It is, I think, because of a deep fear of rejection and abuse that thousands of gay men and women - from famous footballers to everyday electricians - spend so many year of their lives hiding their authentic identity and desperately try to change who they are.

I did have my moments when, in my mind, I would think 'I could be gay'

So much of my personal unease and discomfort is, I think, due to the fact that my only understanding and exposure to the word 'gay' during childhood was, like so many other children, when the term was being used to bully, insult or mock someone...usually me! I had no understanding of or exposure to what it meant to actually be gay, having never been taught about homosexuality, gay couples or ever even met someone who was openly gay in my life.

For so long, I have been relentlessly bullied and mocked for 'acting gay' whilst I have never actually been taught about what homosexuality actually is. As a result, I've always felt that I've never been able to independently establish my sexuality. Being mocked for 'acting gay' led to me fearing and rejecting homosexuality as some dark insult, seeing being 'gay' as a bad thing that I should be repulsed by, and so I've lived a life filled with suppression, embarrassment, insecurity and denial.

I began to see that, actually, the question of my sexuality was my business, and mine alone.

Yet, despite all this suppression and denial, I can recall moments when, in my mind, I would think 'I could be gay'. However, these thoughts would be swiftly followed by feelings of hatred, worthlessness and isolation simply for even considering the idea. I'd then once again quickly bury my head back in the sand and refuse to actually think about the issue, returning to my desperate bid to be accepted by others, or at least to avoid their harsh words and wounding rejection.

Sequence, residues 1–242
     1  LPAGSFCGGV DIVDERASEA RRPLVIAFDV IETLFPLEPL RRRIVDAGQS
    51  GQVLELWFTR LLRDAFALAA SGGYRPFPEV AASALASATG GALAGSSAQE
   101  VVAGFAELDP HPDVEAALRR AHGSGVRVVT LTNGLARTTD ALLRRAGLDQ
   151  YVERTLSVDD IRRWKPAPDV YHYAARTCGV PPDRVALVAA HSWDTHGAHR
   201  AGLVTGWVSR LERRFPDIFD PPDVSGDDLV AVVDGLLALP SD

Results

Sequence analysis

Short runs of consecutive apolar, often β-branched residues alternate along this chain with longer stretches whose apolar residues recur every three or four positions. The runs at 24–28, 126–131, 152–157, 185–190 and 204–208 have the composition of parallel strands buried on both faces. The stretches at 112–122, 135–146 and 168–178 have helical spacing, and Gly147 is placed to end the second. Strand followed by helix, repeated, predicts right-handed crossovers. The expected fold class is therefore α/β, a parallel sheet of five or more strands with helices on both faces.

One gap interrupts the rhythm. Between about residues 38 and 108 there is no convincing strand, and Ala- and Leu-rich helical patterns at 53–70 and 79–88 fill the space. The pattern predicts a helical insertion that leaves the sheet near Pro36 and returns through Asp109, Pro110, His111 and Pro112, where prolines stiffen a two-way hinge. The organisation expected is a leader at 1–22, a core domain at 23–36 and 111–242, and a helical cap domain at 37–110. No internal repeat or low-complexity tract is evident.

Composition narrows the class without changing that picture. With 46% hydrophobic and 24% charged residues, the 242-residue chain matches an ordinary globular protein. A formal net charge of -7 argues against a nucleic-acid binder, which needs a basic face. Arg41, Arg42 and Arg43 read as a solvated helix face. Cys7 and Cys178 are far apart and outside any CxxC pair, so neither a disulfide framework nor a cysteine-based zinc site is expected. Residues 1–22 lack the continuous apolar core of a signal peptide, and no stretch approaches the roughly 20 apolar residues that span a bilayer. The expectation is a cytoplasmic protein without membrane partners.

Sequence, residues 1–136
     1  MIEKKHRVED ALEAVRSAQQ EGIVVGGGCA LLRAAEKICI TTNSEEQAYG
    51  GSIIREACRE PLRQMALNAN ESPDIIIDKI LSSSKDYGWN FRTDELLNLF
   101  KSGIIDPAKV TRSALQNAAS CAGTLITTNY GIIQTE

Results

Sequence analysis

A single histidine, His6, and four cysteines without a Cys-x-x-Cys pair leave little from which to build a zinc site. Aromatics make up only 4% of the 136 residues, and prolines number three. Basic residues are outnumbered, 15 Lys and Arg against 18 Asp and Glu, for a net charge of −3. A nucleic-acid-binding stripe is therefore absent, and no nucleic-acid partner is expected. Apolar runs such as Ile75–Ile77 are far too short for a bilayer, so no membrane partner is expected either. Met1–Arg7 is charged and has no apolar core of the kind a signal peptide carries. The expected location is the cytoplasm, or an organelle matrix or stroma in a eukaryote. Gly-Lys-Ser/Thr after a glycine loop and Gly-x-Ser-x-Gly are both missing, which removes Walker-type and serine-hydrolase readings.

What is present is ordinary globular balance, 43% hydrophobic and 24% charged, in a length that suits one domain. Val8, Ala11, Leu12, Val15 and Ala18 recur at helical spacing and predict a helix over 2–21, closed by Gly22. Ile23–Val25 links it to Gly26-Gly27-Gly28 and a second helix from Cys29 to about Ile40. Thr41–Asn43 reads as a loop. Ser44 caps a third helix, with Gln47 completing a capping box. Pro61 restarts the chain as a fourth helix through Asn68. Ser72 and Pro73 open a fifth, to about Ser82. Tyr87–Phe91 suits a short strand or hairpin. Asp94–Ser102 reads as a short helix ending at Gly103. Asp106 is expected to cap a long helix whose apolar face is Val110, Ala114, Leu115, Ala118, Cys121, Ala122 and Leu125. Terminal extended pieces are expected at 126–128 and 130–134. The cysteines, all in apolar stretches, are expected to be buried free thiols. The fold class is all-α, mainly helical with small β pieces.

Fortunately, as I began to mature and grow, my thinking started to change and I came to see that those who had mocked me for how I talked or labelled me as 'gay' were the ones in the wrong, and it was not me who had the problem. I began to see that, actually, the question of my sexuality was my business, and mine alone.

I saw that I needed to make a real effort to leave the toxic comments, labelling and ignorant attitudes I'd had to battle with behind, and make the decision to positively move forwards and settle the issue of my sexual orientation once and for all.

Coming In Part Two: Challenging Homophobia, Why There's No Justification for Hatred and Why God loves Gays.

HuffPost UK LGBT+ Living covers the full spectrum of life in the LGBTQIA community through a mixture of features, blogs and video.

It looks at a range of topics including relationships, parenthood, wellbeing, health, and inspiring stories of people who have created happy, balanced lives for themselves. It provides a platform for people to tell their stories and talk about their journeys and identities.